United States District Court, D. Delaware
Melendez, James T. Vaughn Correctional Center, Smyrna,
Delaware. Pro Se Plaintiff.
ANDREWS, U.S. DISTRICT JUDGE
Anibal Melendez, an inmate at the James T. Vaughn
Correctional Center in Smyrna, Delaware, filed this action
pursuant to 42 U.S.C. § 1983. (D.I. 1). Plaintiff filed an
amended complaint on June 7, 2018 and it is the operative
pleading. (D.I. 7). Plaintiff appears pro se and has
been granted leave to proceed in forma pauperis.
(D.I. 5). Plaintiff has filed a request for counsel. (D.I.
6). The Court screens and reviews the complaint pursuant to
28 U.S.C. § 1915(e)(2) and § 1915A(a).
civil cover sheet indicates that this is an action brought
pursuant to 42 U.S.C. § 1983 for medical malpractice.
(D.I. 1-1). He alleges that on May 31, 2016, Defendant Dr.
Dimico, Jr., who is employed at Christiana Hospital,
performed surgery to repair a broken eye socket and to
correct Plaintiffs double vision. (D.I. 7 at 1-2). The
surgery was performed at Christiana Care. Two weeks later,
Defendant Dr. Dimico, Sr. provided Plaintiff follow-up care
at Christiana Hospital. (Id.). Dr. Dimico, Sr. is
also employed by Christiana Hospital. (D.I. 7 at 2).
Plaintiff was x-rayed and the x-ray revealed the "bottom
eye lid was pinched with the hardware." (Id.).
Dimico, Sr. scheduled Plaintiff to see a specialist,
Defendant Dr. Doe. (Id.). Dr. Doe scheduled
Plaintiff to see Defendant Dr. Abel, a specialist employed at
the Limestone Facility, to correct the surgery.
(Id.). In turn, Dr. Abel scheduled Plaintiff to see
Dr. Moore, who is also employed at the Limestone Facility.
(Id.) All three physicians refused to perform the
corrective surgery. (Id.).
complained to prison doctors via sick call slips and
grievances that he continued to suffer from double vision and
that his right eye hurt because his eyelashes were growing
into it. (Id.). Plaintiff alleges that Dr. Dimico,
Sr., Dr. Dimico, Jr., and prison medical refused to treat
also submitted repeated sick call slips and filed multiple
grievances requesting surgery. (D.I. 7 at 3). He alleges that
Defendant Jane Doe, an employee at the JTVCC, is responsible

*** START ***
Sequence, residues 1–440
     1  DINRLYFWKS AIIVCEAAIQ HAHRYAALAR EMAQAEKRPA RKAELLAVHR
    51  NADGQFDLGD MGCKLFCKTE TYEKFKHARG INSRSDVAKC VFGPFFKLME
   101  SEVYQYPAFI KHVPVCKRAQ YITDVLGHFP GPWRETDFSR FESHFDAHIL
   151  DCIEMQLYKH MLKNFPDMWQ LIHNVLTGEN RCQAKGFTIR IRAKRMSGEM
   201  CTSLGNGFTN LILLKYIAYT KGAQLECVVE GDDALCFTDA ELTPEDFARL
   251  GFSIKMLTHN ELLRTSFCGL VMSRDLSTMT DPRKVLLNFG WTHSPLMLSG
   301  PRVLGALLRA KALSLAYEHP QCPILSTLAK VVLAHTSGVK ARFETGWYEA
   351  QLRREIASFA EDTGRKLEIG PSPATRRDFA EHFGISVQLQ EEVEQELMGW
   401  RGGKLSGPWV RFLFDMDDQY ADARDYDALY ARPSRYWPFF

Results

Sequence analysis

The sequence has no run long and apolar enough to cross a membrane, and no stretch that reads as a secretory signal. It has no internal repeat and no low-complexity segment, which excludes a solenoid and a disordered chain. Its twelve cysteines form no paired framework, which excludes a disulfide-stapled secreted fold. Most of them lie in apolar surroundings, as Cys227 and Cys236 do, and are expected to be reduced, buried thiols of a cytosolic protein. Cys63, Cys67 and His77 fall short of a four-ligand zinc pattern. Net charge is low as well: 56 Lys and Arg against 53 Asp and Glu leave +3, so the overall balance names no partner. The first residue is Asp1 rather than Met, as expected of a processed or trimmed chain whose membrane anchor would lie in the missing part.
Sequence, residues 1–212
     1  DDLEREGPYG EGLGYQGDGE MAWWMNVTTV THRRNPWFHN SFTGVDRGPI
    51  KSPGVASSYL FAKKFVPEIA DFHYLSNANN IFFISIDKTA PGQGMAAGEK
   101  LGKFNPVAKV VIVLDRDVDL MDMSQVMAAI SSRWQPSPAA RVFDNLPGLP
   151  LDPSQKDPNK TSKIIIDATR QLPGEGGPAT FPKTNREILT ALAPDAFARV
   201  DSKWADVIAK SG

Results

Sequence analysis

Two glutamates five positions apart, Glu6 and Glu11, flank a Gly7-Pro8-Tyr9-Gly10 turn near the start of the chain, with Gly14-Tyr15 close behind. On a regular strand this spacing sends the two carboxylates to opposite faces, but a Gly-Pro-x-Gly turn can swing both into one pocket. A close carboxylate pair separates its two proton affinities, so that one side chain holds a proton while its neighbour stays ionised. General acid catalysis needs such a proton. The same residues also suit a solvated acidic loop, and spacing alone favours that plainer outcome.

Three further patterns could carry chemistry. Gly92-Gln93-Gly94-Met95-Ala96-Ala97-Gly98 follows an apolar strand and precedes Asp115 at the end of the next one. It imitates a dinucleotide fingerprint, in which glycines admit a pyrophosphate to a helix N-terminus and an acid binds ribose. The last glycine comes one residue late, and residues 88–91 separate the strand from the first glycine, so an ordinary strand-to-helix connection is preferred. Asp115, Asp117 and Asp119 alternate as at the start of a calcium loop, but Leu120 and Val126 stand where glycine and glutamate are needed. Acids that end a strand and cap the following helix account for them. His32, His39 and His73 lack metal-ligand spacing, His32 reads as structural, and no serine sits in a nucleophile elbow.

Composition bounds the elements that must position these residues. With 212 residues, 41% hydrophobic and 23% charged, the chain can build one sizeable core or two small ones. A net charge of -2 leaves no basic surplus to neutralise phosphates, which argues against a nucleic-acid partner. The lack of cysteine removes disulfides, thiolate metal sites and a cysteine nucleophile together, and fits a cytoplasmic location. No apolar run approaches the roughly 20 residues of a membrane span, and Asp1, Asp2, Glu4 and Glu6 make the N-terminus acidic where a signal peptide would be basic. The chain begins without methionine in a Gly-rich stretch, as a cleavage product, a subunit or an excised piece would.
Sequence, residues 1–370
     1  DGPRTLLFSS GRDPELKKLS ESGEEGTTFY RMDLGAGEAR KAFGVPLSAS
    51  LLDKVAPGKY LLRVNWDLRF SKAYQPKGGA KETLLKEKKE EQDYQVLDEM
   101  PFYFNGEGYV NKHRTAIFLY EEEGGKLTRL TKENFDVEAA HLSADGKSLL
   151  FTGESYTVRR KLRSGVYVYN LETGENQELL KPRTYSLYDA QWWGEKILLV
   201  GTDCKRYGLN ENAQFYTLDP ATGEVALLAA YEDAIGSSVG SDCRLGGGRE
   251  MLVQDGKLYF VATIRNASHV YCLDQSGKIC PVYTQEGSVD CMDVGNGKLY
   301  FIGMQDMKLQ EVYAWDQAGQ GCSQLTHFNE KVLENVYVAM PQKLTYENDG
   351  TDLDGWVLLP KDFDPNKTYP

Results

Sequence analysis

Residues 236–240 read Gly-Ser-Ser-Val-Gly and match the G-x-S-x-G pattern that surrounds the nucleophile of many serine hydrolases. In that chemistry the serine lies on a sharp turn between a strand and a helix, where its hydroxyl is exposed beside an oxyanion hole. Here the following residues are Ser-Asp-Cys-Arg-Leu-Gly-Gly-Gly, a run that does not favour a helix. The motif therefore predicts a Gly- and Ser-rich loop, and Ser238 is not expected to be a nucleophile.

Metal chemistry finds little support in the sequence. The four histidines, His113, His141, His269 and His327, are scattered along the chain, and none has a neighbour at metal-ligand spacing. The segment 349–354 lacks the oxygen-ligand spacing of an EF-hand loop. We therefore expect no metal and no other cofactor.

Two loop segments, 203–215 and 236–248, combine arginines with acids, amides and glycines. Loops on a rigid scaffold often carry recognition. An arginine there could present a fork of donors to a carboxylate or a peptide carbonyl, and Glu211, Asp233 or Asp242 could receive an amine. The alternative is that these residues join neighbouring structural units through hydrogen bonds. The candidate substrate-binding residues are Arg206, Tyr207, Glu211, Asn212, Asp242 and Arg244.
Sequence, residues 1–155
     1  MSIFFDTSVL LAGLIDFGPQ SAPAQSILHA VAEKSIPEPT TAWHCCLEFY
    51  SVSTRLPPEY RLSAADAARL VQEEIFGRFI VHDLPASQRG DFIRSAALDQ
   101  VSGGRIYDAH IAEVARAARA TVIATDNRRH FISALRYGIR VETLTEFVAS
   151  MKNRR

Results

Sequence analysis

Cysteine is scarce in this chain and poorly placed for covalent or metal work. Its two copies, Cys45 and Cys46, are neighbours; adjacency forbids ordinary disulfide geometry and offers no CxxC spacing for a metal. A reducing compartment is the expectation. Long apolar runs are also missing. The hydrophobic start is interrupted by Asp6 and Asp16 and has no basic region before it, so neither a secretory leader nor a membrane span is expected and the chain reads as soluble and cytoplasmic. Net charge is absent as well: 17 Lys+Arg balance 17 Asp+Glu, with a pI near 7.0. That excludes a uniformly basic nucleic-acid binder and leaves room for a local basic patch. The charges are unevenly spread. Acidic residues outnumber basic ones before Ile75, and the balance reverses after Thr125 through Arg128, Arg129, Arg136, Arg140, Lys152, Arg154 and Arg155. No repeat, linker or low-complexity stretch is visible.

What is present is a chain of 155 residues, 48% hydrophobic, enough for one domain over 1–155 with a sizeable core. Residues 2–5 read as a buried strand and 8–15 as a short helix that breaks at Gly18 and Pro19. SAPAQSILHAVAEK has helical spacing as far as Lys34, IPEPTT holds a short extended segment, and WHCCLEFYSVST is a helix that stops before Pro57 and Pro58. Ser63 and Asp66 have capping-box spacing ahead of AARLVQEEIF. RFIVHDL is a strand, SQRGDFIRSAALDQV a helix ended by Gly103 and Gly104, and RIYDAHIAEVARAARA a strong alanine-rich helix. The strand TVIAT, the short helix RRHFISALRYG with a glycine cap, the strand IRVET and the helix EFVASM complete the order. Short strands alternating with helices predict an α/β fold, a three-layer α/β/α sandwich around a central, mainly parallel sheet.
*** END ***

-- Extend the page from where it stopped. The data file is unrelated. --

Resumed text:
for arranging for specialized care outside of the prison.
(Id.). One year has passed and he has not received a
response from the medical department or Christiana Care.
(Id.). Plaintiff believes that he will suffer
permanent eye damage if does not undergo the surgery.
alleges that the failure of Defendants to provide adequate
care, and/or corrective surgery, and/or follow-up treatment
constitutes deliberate indifference in violation of
Plaintiff's Eighth Amendment rights to the United States
Constitution. (Id. at 3-5). He also alleges Dr.
Dimico, Sr. and Dr. Dimico, Jr. committed medical
malpractice. (Id. at 6).
seeks compensatory damages and injunctive relief.
federal court may properly dismiss an action sua
sponte under the screening provisions of 28 U.S.C.
§ 1915(e)(2)(B) and § 1915A(b) if "the action
is frivolous or malicious, fails to state a claim upon which
relief may be granted, or seeks monetary relief from a
defendant who is immune from such relief." Ball v.
Famiglio, 726 F.3d 448, 452 (3d Cir. 2013). See
also 28 U.S.C. § 1915(e)(2) (in forma
pauperis actions); 28 U.S.C. § 1915A (actions in
which prisoner seeks redress from a governmental defendant);
42 U.S.C. § 1997e (prisoner actions brought with respect
to prison conditions). The Court must accept all factual
allegations in a complaint as true and take them in the light
most favorable to a pro se plaintiff. Phillips
v. County of Allegheny, 515 F.3d 224, 229 (3d Cir.
2008); Erickson v. Pardus, 551 U.S. 89, 93 (2007).
Because Plaintiff proceeds pro se, his pleading is
liberally construed and his complaint, "however
inartfully pleaded, must be held to less stringent standards
than formal pleadings drafted by lawyers." Erickson
v. Pardus, 551 U.S. at 94 (citations omitted).
action is frivolous if it "lacks an arguable basis
either in law or in fact." Neitzke v. Williams,
490 U.S. 319, 325 (1989). Under 28 U.S.C. §
1915(e)(2)(B)(i) and § 1915A(b)(1), a court may dismiss
a complaint as frivolous if it is "based on an
indisputably meritless legal theory" or a "clearly
baseless" or "fantastic or delusional" factual
scenario. Neitzke, 490 U.S. at 327-28; Wilson v.
Rackmill, 878 F.2d 772, 774 (3d Cir. 1989).
legal standard for dismissing a complaint for failure to
state a claim pursuant to § 1915(e)(2)(B)(ii) and §
1915A(b)(1) is identical to the legal standard used when
ruling on Rule 12(b)(6) motions. Tourscher v.
McCullough,184 F.3d 236, 240 (3d Cir. 1999). However,
before dismissing a complaint or claims for failure to state
a claim upon which relief may be granted pursuant to the
screening provisions of 28 U.S.C. §§1915 and 1915A,
the Court must grant Plaintiff leave to amend ...